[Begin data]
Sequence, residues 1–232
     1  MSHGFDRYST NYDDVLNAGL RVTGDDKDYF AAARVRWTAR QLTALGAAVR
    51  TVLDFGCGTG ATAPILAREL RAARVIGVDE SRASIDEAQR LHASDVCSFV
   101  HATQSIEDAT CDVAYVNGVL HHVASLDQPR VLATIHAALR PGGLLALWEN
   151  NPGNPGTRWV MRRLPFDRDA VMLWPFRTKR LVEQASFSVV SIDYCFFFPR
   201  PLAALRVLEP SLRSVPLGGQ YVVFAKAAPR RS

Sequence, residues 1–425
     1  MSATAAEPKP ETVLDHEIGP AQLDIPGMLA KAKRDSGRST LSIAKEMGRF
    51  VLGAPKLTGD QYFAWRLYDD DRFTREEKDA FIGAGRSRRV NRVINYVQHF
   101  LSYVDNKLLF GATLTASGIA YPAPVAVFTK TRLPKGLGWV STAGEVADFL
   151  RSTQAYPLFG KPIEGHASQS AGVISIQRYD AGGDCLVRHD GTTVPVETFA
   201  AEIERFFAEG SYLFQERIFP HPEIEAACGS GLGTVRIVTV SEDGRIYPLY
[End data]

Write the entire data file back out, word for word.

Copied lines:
Sequence, residues 1–232
     1  MSHGFDRYST NYDDVLNAGL RVTGDDKDYF AAARVRWTAR QLTALGAAVR
    51  TVLDFGCGTG ATAPILAREL RAARVIGVDE SRASIDEAQR LHASDVCSFV
   101  HATQSIEDAT CDVAYVNGVL HHVASLDQPR VLATIHAALR PGGLLALWEN
   151  NPGNPGTRWV MRRLPFDRDA VMLWPFRTKR LVEQASFSVV SIDYCFFFPR
   201  PLAALRVLEP SLRSVPLGGQ YVVFAKAAPR RS

Sequence, residues 1–425
     1  MSATAAEPKP ETVLDHEIGP AQLDIPGMLA KAKRDSGRST LSIAKEMGRF
    51  VLGAPKLTGD QYFAWRLYDD DRFTREEKDA FIGAGRSRRV NRVINYVQHF
   101  LSYVDNKLLF GATLTASGIA YPAPVAVFTK TRLPKGLGWV STAGEVADFL
   151  RSTQAYPLFG KPIEGHASQS AGVISIQRYD AGGDCLVRHD GTTVPVETFA
   201  AEIERFFAEG SYLFQERIFP HPEIEAACGS GLGTVRIVTV SEDGRIYPLY